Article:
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Vientiane is Southeast Asia’s smallest capital city with a population of just over half a million inhabitants. Located along a bend of the Mekong River, the city exudes a laidback atmosphere and old world charm with its mix of Chinese shop houses and French colonial architecture. The tree-lined boulevards and low traffic density makes the city an ideal place for walking and exploring ancient temples and pagodas including Wat Ho Phakeo, a former royal temple, and Wat Sisaket, one of the capital's oldest temples which houses hundreds of small Buddha images. Apart from sight seeing, there are also excellent shopping for silver jewelry and hand-woven textiles which can be found at the Morning Market and a number of boutique shops. A visit to Vientiane is not complete without a relaxing sundowner at one of the many riverside bars along the Mekong River to enjoy a spectacular sunset view.
Getting here: Vientiane’s Wattay International Airport is the gateway to most domestic destinations. There are daily flights to/from Luang Prabang.
Formerly a pit stop between Vientiane and Luang Prabang, now Vang Vieng has become a destination for those keen to enjoy adventure activities such as kayaking, caving and rock climbing. The main attraction is the spectacular landscape and towering limestone rock formations riddled with caves, although the town is popular with backpackers for its river tubing and social cafes and bars.
Getting here: From Vientiane it is a 2½ - 3 hours drive and Luang Prabang 6-7 hours drive.
Luang Prabang, once the royal seat of the Lan Xang Kingdom or “land of a thousand elephants”, is a sleepy town nestled in a mountain valley at the confluence of the Mekong and Khan Rivers. Considered as the center of Lao culture, the city offers a fascinating glimpse into the Buddhist religious practice and traditional lifestyle of the various hill-tribe groups in this northern region. The town is endowed with a picturesque landscape of palm lined riverbanks, ornate golden temples, and ancient monuments amongst the backdrop of the towering Mt. Phousi. It is no wonder that UNESCO declared Luang Prabang as a World Heritage Site in 1995 describing it as an "outstanding example of the fusion of traditional architecture and Lao urban structures with those built by the European colonial authorities in the 19th and 20th centuries."
The town center has an outstanding range of restaurants, hotels, and souvenir shops. With a population of 16,000 inhabitants, the town is relatively quiet with little activity and a non-existent nightlife. Due to the increasing popularity of Luang Prabang, the town can be inundated with tourists, especially during peak travel season. Nearby attractions include Pak Ou Caves which houses thousands of Buddha images, Kuangsi Waterfall and several cotton-silk weaving villages.
Getting here: There are direct international flights from Bangkok, Hanoi, Chiang Mai, Siem Reap, Kunming. There are daily domestic flights (40 minutes) from Vientiane. By road, it is a 9 - 10 hour drive from Vientiane and 6-7 hours from Vang Vieng.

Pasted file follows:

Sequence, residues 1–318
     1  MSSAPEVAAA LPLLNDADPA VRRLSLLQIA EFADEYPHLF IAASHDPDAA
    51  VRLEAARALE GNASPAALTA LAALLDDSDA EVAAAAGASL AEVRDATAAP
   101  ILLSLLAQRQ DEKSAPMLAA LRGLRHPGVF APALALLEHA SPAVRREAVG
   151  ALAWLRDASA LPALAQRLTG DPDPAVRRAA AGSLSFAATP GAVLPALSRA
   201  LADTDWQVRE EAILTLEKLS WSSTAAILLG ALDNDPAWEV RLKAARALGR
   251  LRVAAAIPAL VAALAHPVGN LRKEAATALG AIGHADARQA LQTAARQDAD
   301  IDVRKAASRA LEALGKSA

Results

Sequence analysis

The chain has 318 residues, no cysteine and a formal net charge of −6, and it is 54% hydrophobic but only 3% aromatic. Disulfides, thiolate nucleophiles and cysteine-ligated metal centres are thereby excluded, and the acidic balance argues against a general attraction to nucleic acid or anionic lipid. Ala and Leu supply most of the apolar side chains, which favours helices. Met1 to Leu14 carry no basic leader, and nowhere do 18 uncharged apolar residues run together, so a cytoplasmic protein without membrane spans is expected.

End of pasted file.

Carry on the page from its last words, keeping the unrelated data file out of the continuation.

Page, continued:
The small dusty town of Phonsavan is the capital of Xieng Khuang province and gateway to the Plain of Jars. This region was one of the most heavily bombed in Laos and today is still littered with half a million tones of unexploded ordinance (UXO) and the evidence is everywhere. Bomb casings and other war remnants are used for every purpose imaginable such as fences, tools, and house decoration. Infrastructure in the town is still basic and accommodation consists of guesthouses and simple hotels.
The main attraction to this region is the Plain of Jars. The gigantic stone jars are to Laos as Stonehenge is to England – an enigma. While there are many theories, nobody really knows why hundreds of huge stone jars are scattered across several sites on a barren Laotian plain. They are between 2500 and 3000 years old, and again no one knows why they were built. Carved from solid rock, most of these containers weigh from 600kg to one tonne a piece; the largest weighs six tonnes. The jars are set amongst beautiful scenery of rolling hills which are covered with green grass and a smattering of pine trees during the wet season.
Getting here: There are flights from Vientiane on Lao Airlines. The flight takes 30 minutes.
Situated in southern Laos, near the Thai border, Pakse is the capital of Champasak province. The town itself features Franco-Chinese style architecture and a colorful market stocked with fresh produce grown in the nearby Bolaven Plateau, a highland region inhabited by a number of ethnic minority groups. The main attraction in Pakse is the Khmer archeological ruin of Wat Phu Champasak which was built by the founder of the first Khmer empire, Jayavarman II. It is much smaller than Angkor but still a rival to that ancient empire. Visitors to the complex should take note that some temples have very steep steps, as many as 70 steps, which can be difficult to climb. Although the tourism infrastructure is less developed than the popular north, the government has made efforts into promoting the region as an ecological friendly destination and improving the reliability of services. Other attractions in the Champasak region include the 4,000 islands of Si Phan Don near the Cambodian border; Southeast Asia's highest waterfall, Khong Phapeng; and insight into authentic, traditional Laotian life on the islands of Don Kho near Pakse and Don Deng near Champasak Town.
Getting here:There are daily flights to Pakse from Vientiane (1hr 15mins) and 3 flights a week from Luang Prabang (1hr 50mins) on Lao Airlines.